Biographical Profile of Sgt. Elijah P. Marrs, 12th U.S. Colored Heavy Artillery

Sgt. Elijah P. Marrs, Company L, 12th U.S. Colored Heavy Artillery
Sgt. Elijah P. Marrs, Company L, 12th U.S. Colored Heavy Artillery

Sgt. Elijah P. Marrs
12th Regiment U.S. Colored Heavy Artillery
Born 1840, Shelby County, Kentucky
Died 1910, Jefferson County, Kentucky

Sgt. Elijah P. Marrs Muster and Descriptive Roll
Sgt. Elijah P. Marrs Muster and Descriptive Roll

Elijah P. Marrs became a well-known politician, educator, and minister after the Civil War, but like many Black people born in Kentucky before 1865, he started his life enslaved. He and his mother Frances worked the farm of Jesse Robinson, along with about 30 other people, including his brother Henry Marrs. Years later, Marrs described in a memoir how he and a number of other Black men left their enslavers and walked to Louisville to join the Union Army. Marrs, who had learned to read and write early in life, was a natural leader, as these excerpts from his memoir show:

I remember the morning I made up my mind to join the United States Army. I started to Simpsonville, and walking along I met many of my old comrades on the Shelbyville Pike. I told them of my determination and asked all who desired to join my company to roll his coat sleeves above his elbows, and to let them remain so during the day. I marshaled my forces that day and night. I had twenty-seven men, all told, and I was elected their captain to lead them to Louisville. 

The group gathered at a local Black church, wives and sweethearts tearfully saying goodbye, but rumors of nearby white Kentuckians loyal to the Confederacy caused many to panic:

But I did not despair. I picked up courage and rallied my men, and news soon came that the report was false. We held a council of war, and the conclusion of the boys was, that where I would lead they would follow. I said to them we might as well go; that if we staid [stayed] at home we would be murdered; that if we joined the army and were slain in battle, we would at least die in fighting for principle and freedom.

Late that night, Marrs marched his 27 men back to Robinson’s farm, got them something to eat, and then set out for Louisville some 20 miles away.

Our arms consisted of twenty-six war clubs and one old rusty pistol, the property of the captain. There was one place on our route we dreaded, and that was Middletown, through which the colored people seldom passed with safety. When we got within two miles of the place I ordered my men to circle to the left until we got past the town, when we returned to the Pike, striking it in front of Womack’s big woods. At this place we heard the rumbling of vehicles coming at full speed, as we supposed, towards us. I at once ordered the men to lie down in a ditch by the roadside, where we remained some twenty-five minutes, but hearing nothing further I ordered my men to arise and we took up our line of march.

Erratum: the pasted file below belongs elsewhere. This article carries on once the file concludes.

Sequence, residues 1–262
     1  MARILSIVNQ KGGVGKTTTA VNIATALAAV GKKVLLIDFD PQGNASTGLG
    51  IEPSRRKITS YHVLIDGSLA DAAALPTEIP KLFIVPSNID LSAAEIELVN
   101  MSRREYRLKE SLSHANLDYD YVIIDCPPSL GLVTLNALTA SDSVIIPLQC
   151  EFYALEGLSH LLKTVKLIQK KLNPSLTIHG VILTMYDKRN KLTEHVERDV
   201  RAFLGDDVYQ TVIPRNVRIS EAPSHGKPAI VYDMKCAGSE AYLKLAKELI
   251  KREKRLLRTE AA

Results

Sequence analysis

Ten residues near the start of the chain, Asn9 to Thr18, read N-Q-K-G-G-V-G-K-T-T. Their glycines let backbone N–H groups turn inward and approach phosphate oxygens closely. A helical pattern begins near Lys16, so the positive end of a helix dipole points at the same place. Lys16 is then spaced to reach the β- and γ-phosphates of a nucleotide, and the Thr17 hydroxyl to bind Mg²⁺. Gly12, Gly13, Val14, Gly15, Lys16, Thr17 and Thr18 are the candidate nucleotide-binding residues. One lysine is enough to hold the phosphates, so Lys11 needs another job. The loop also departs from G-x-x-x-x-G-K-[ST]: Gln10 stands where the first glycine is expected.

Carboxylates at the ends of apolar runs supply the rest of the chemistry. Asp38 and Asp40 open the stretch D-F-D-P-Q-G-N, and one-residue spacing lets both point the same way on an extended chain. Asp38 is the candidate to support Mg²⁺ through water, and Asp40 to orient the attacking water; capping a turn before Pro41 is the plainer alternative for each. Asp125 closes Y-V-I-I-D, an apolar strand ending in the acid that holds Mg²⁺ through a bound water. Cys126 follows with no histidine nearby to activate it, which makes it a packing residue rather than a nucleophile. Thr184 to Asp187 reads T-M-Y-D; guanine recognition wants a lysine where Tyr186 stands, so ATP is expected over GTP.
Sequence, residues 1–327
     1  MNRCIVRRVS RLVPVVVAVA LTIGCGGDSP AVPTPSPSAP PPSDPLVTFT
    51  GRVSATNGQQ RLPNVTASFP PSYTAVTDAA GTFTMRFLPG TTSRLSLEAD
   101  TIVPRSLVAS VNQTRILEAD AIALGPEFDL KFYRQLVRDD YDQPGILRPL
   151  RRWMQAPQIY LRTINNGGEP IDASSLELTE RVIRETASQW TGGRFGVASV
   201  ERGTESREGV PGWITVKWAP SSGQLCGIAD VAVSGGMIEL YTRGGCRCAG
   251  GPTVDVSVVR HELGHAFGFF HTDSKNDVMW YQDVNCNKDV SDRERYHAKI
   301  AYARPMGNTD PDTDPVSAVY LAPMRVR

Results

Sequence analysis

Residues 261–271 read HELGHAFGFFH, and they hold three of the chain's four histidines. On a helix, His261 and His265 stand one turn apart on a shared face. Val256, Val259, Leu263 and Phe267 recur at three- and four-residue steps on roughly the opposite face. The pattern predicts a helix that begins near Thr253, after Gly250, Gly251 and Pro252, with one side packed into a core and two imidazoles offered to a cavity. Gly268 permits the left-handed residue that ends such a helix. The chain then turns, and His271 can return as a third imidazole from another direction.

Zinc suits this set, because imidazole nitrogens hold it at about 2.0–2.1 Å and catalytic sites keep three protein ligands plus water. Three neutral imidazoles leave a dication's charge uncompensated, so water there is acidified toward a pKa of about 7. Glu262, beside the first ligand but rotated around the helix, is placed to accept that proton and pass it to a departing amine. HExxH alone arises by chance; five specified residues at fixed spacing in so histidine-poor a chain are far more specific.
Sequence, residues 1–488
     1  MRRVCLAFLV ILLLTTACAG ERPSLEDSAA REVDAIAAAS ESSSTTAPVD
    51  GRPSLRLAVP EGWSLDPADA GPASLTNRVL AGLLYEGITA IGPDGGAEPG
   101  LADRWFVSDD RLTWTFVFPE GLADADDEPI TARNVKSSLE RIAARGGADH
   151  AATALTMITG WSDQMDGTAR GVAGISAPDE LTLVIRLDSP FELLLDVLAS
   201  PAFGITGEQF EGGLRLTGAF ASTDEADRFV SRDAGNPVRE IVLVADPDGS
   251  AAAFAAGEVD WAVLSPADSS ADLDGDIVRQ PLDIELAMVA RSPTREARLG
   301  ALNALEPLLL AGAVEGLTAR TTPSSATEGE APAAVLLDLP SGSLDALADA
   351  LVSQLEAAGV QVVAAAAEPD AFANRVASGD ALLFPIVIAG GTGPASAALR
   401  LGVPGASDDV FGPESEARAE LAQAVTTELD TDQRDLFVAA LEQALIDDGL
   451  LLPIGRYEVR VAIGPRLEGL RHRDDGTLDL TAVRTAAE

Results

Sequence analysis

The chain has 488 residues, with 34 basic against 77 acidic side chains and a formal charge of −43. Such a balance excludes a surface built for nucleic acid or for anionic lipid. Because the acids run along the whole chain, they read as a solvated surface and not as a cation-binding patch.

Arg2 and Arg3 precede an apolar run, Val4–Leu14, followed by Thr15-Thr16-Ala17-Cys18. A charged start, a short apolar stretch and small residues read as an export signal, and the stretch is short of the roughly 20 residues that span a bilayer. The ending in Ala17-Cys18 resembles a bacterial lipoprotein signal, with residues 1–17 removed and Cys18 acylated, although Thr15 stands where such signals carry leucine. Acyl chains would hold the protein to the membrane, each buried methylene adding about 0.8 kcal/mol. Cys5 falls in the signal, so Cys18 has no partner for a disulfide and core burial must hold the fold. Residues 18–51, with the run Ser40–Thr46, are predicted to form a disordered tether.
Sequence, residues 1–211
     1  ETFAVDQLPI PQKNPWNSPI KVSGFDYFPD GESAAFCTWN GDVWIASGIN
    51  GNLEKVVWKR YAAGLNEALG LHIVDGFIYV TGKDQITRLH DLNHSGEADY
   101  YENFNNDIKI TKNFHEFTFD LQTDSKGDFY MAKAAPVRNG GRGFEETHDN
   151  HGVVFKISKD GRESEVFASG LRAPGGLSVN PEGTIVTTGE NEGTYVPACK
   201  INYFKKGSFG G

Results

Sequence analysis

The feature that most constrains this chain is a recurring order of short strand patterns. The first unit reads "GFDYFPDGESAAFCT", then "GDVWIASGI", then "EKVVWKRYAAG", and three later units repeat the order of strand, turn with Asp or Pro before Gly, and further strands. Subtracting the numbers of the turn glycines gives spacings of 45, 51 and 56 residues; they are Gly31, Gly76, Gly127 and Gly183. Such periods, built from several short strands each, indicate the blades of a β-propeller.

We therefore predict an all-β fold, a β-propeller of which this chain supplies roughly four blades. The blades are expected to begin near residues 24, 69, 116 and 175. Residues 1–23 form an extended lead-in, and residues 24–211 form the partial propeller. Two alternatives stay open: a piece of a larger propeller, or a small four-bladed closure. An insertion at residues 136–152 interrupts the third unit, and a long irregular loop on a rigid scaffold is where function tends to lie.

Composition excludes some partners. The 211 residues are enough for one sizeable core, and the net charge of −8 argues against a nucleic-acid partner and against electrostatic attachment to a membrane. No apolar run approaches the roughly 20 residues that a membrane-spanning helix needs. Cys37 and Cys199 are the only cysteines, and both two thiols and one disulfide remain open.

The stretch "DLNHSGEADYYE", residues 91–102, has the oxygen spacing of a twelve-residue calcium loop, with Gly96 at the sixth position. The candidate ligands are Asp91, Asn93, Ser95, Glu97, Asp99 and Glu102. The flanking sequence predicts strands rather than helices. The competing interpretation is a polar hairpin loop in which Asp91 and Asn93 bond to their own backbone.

By 8 o’clock in the morning, Marrs and the rest of the men were at the recruiting office in Louisville and in front of the Provost Marshal, George Womack, whose woods they had taken shelter in the night before.

By twelve o’clock the owner of every man of us was in the city hunting his slaves, but we had all enlisted save one boy, who was considered too young.

Marrs enlisted on the 26th day of September 1864 and was assigned to Company L of the 12th Regiment of the U.S. Colored Artillery. His ability to read and write led to a promotion to Sergeant, and he spent much of the war at Camp Nelson in Kentucky. There, he was reunited with his brother Henry, who was serving in Company C of the 5th Regiment of the U.S. Colored Cavalry. After the war, Elijah P. Marrs was active in the Republican party, serving as President of the Republican Club of Oldham County. He also continued his work as an educator and clergyman. In 1879, at the prompting of Henry, Marrs helped found what is now Simmons College in Louisville. He lived to the age of 70 and is buried at Greenwood Cemetery in Louisville.

Marrs, Elijah P. “Life and History of the Rev. Elijah P. Marrs, First Pastor of Beargrass Baptist Church, and Author,” Documenting the American South, https://docsouth.unc.edu/neh/marrs/marrs.html.

Loretta Williams

Loretta Williams is a Peabody award-winning reporter, producer, and editor interested in stories that delve into America’s cultural divides. She’s been a producer and editor for NPR and SoundVision Productions. Since 2008 she’s been a freelance journalist working on a wide range of projects such as ISeeChange.org, Scene on Radio from the Center for Documentary Studies, and the Us & Them podcast. Her paternal great grandfathers both served in the USCT, one in the 11th USHA and the other in the 26th USCT.


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